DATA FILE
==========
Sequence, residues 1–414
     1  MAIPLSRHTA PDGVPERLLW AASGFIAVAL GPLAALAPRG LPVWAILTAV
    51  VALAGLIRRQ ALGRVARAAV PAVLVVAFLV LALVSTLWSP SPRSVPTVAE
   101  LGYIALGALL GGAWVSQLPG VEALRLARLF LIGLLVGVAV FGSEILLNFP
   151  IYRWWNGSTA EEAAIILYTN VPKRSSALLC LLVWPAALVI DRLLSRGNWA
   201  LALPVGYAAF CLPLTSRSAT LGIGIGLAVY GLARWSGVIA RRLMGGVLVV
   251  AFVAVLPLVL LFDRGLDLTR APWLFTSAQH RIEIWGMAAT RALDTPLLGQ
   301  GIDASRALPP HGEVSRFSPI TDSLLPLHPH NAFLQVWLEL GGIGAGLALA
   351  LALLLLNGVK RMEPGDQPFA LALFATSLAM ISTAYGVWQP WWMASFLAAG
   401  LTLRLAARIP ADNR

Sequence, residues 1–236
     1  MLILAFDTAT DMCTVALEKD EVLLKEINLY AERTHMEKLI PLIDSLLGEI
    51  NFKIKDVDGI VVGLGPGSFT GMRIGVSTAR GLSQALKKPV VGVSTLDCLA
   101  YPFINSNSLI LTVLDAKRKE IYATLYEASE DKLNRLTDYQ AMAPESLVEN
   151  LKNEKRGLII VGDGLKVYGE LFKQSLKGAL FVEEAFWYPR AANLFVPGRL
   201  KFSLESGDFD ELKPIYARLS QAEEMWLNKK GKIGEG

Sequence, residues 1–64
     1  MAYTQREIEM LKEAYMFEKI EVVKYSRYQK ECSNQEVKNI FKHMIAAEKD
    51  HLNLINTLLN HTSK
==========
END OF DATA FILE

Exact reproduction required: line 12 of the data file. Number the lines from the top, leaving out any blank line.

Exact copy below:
     1  MLILAFDTAT DMCTVALEKD EVLLKEINLY AERTHMEKLI PLIDSLLGEI